After a prolonged public outcry, the Seattle School Board voted earlier this month to table indefinitely a proposal to move the Pathfinder alternative program to Cooper Elementary School in West Seattle.
After a prolonged public outcry, the Seattle School Board voted earlier this month to table indefinitely a proposal to move the Pathfinder alternative program to Cooper Elementary School in West Seattle. The board has been struggling to close as many as 10 schools by 2008 to save the financially strapped district nearly $3.5 million a year in operating costs.
Cooper had been one of several targets in the second phase of proposed closures and consolidations. Its 250 students use a relatively new building that could hold hundreds more. Superintendent Raj Manhas laid out a plan to move Pathfinder — which draws students from all over the district — into the Cooper building. Pathfinder parents objected, saying the merge would muddle the program’s mission. Cooper families protested, too, saying the change would utterly alter the neighborhood character of their school.
Today, to understand the emotional pull and power of a neighborhood school, we take a long view of Cooper, looking back at the original school building, which served the community for nearly a century. Instructor Judy Bentley of South Seattle Community College provides the window. Bentley collaborated with Philippa Nye of the Delridge Neighborhoods Development Association, SSCC students and community volunteers to compile an oral history of the original school and neighborhood. Today’s piece is based on the interviews of alumni from 1917 to 1989. The project grew with the renovation of the original building and its rebirth as the Youngstown Cultural Arts Center earlier this year.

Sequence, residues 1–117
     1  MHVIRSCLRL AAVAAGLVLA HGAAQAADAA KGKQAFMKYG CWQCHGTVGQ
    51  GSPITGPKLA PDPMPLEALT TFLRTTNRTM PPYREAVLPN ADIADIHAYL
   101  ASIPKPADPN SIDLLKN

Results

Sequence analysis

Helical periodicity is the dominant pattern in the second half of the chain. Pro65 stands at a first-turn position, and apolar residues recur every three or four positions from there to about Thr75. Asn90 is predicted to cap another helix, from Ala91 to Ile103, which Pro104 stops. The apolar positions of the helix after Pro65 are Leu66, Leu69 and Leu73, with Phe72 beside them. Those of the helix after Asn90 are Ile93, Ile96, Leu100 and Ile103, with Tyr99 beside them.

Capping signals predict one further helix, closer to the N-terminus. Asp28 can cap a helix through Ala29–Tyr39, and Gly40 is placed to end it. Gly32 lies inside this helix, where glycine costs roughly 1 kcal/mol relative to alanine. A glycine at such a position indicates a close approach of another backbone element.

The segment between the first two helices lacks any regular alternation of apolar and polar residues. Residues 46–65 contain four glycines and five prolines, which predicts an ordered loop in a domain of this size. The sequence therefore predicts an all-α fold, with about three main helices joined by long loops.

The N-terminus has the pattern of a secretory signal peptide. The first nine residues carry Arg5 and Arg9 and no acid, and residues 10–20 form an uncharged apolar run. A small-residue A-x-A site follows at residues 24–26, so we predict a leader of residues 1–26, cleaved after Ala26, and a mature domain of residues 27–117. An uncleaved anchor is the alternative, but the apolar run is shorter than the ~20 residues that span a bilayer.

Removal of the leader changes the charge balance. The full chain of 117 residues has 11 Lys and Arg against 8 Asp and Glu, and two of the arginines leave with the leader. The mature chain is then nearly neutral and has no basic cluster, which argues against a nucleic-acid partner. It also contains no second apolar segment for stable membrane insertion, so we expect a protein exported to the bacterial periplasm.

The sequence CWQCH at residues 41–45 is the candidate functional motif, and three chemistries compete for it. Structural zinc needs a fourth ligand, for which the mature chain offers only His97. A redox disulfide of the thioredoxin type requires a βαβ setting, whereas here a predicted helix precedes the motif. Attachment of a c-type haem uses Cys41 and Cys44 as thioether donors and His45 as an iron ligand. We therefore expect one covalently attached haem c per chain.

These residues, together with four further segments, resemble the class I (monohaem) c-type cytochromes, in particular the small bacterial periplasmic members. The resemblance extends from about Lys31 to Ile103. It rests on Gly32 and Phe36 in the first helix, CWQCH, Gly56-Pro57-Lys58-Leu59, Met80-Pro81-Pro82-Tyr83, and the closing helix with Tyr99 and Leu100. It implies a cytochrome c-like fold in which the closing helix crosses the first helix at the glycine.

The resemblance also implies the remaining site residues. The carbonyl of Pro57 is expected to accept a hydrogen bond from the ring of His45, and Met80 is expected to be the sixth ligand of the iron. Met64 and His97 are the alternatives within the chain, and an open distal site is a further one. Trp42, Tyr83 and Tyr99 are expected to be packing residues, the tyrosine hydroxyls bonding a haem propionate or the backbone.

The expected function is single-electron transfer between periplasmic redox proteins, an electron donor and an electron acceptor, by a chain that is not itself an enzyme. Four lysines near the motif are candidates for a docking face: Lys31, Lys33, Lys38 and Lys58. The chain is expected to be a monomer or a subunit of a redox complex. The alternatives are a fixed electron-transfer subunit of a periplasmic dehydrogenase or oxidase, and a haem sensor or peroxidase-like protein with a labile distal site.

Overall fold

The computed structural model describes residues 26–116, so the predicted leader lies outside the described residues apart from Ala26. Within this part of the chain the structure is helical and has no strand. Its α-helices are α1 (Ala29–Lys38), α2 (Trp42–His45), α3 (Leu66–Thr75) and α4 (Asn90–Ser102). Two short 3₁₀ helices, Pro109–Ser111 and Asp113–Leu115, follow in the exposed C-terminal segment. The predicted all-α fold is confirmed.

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— Emily Heffter, Seattle Times staff reporter
ON A SEPTEMBER day in 1906, 70 children, many of them barefoot, walked across pilings and into “Youngstown School.” Borrowed from the Ohio steel city, Youngstown was the name given to the lowlands just south of today’s West Seattle Bridge, a neighborhood where houses perched over the tide flats of Elliott Bay. Two entrepreneurs, William Pigott and Elliott Wilson, had built a steel mill there along the bay, close to railroads and water transportation. The hard physical labor attracted steelworkers from Tacoma, Portland, St. Louis, England, Italy and beyond. Their children needed a school, and the Seattle Steel Company offered a small building.
For the next 80 years, the school centered this ethnically diverse neighborhood of lowlands and ridges between the Duwamish River and Duwamish Head.
To get in touch
The Delridge Neighborhoods Development Association can be reached at www.dnda.org. For details about events and activities at the Youngstown Cultural Arts Center, see www.youngstownarts.org.
The present turmoil over possible school changes and closings raises intense discussions about practical issues such as academic excellence, class and race equity, building suitability. But the intangible value of a school to its neighborhood is often the greater issue and drives much of the opposition when a building or its program is threatened. Schools anchor children, evoking feelings of belonging, loyalty and safety. They also launch children beyond the neighborhood, with competence, independence and a secure sense of where they came from.